History runs deep in Old City. It’s evident from the cobblestones, the 17th century buildings, and the re-enactors dressed in colonial garb.
This Thursday, Old City Coffee will be host to a night of music that is reflective of a multitude of histories. An outdoor concert will be held featuring Laura Baird and Ember Schrag as part of the Night Market.
It is more than fitting for Baird, a musician with a rich history of her own, to be playing in this part of the city with the banjo. The building where Old City Coffee sits was once a prosperous banjo factory and helped popularize the instrument.
From 1886 to 1899, 219 – 221 Church Street was The S.S. Stewart Banjo Factory, according to Mira Treatman, marketing manager at Old City Coffee; the business made banjos, guitars, mandolins, and published an accompanying trade magazine.
“It was the cat’s meow at the time in the burgeoning pop music world,” said Treatman.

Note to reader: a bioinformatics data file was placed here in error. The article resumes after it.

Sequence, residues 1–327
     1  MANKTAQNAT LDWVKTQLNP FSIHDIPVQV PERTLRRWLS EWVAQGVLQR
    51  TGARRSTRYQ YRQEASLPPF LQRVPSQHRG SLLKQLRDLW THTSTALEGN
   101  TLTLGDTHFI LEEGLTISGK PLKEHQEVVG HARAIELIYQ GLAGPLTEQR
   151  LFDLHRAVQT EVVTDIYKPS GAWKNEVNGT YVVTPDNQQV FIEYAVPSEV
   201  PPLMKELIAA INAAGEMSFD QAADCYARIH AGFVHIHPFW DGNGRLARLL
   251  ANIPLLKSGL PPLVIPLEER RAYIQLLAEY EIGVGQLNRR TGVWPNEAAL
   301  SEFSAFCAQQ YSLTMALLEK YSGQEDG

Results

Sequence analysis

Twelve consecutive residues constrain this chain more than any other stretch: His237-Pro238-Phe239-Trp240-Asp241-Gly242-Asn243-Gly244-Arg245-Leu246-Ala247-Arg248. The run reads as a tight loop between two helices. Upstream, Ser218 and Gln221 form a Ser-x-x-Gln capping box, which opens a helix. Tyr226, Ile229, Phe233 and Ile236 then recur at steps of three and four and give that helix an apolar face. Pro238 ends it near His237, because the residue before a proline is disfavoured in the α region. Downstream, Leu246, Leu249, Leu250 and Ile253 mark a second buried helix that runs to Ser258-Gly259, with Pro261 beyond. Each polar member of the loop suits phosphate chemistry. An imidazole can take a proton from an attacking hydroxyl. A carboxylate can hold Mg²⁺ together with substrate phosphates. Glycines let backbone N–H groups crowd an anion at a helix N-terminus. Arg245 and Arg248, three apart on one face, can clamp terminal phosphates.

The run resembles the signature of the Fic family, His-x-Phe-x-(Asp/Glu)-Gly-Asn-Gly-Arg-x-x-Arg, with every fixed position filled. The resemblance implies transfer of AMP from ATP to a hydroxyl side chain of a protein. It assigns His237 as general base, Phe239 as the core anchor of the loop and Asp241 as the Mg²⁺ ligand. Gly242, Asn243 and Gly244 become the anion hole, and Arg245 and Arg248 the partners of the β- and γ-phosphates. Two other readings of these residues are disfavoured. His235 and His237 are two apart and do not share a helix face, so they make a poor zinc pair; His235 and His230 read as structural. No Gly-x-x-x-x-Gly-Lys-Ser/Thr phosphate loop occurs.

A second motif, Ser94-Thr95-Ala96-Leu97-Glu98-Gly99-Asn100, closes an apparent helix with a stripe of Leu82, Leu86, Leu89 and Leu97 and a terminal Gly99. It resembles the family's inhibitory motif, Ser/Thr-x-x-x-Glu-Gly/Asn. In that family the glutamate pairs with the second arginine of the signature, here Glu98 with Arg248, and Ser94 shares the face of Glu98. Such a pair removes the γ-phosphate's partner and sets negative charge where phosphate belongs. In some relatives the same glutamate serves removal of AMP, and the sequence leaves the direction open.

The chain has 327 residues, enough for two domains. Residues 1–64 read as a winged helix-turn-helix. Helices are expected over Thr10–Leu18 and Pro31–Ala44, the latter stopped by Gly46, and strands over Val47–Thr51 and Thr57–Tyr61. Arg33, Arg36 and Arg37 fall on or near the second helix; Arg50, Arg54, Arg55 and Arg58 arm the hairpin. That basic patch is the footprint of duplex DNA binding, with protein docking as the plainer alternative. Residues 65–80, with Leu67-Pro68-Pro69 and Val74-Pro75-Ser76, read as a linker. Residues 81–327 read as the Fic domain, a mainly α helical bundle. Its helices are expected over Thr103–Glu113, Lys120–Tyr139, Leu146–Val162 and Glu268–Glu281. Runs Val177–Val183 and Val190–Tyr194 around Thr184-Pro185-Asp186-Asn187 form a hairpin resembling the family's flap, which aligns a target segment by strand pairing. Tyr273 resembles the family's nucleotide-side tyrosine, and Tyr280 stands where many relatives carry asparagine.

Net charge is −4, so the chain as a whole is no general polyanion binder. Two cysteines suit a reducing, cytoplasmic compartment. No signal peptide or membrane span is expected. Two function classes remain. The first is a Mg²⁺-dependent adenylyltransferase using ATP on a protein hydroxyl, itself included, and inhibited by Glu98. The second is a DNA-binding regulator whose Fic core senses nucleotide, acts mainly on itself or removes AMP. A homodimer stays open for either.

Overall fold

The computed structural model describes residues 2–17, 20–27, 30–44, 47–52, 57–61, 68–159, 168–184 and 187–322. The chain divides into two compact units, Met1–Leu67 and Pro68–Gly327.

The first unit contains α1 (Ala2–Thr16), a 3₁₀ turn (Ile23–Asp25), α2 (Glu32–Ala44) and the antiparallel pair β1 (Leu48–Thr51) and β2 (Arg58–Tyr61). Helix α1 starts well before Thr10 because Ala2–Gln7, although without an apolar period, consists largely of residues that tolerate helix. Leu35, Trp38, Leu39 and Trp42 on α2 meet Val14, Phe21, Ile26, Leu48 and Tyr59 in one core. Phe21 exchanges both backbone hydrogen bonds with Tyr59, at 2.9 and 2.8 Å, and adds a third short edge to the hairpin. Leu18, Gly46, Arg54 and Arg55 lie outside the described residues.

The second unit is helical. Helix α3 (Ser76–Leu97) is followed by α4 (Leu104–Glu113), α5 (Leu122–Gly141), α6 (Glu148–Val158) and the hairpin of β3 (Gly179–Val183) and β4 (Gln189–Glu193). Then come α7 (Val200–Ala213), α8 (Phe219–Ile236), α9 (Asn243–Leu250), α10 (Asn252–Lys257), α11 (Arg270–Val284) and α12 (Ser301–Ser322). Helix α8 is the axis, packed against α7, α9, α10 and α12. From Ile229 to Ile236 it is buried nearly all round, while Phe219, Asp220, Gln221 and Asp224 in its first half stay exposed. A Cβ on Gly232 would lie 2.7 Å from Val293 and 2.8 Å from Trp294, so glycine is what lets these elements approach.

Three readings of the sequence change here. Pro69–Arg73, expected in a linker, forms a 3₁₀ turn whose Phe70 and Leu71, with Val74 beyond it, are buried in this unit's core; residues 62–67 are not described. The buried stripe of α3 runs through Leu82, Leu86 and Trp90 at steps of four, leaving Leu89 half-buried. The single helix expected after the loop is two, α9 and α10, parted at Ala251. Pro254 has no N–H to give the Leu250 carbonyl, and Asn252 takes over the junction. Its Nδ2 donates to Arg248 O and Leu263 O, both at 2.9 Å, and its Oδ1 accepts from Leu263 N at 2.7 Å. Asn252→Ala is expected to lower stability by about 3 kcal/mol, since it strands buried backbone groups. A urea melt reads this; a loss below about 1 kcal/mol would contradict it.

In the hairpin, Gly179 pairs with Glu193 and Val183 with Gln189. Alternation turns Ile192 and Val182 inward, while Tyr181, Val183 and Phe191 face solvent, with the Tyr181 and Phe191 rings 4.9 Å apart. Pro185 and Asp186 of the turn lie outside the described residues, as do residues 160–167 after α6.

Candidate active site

For Baird, music runs in the family. It’s even documented in the Library of Congress. Her great-great-uncle, I.G. Greer, is the first person to be recorded playing Appalachian music. Greer was from a town called Zion in North Carolina. He taught at Appalachian State College in nearby Boone. Baird traveled down there once to see a collection of his writings and compositions at the college. She also wrote to Library of Congress and attained a copy of Grier’s LP recording.
For years Laura performed with her younger sister, Meg Baird (of Espers). The Baird Sisters are well known in the folk community and have released several albums, the most recent being Until You Find Your Green in 2012 on Grapefruit Records. Despite an established association with this genre, Laura Baird actually didn’t like folk music until high school. “There was a folk show on XPN. I started listening to it and recorded on tapes. Then I took some of those tapes to college and really started to get into the genre,” she said.
Laura grew up in Burlington County, New Jersey where there was always a presence of music around the home. She took piano lessons from an early age until college. Over time she’s learned to play the trombone, sousaphone, flute, guitar, and banjo. Elements of the past definitely work their way into the songs.
“I play a lot of traditional songs. It’s always a part of my set,” she said. Her influences include medieval music, Celtic traditional folk music, and the Methodist Hymnal.
“We would go to church sometimes, and there is a real simplicity in the songs that I love,” she said.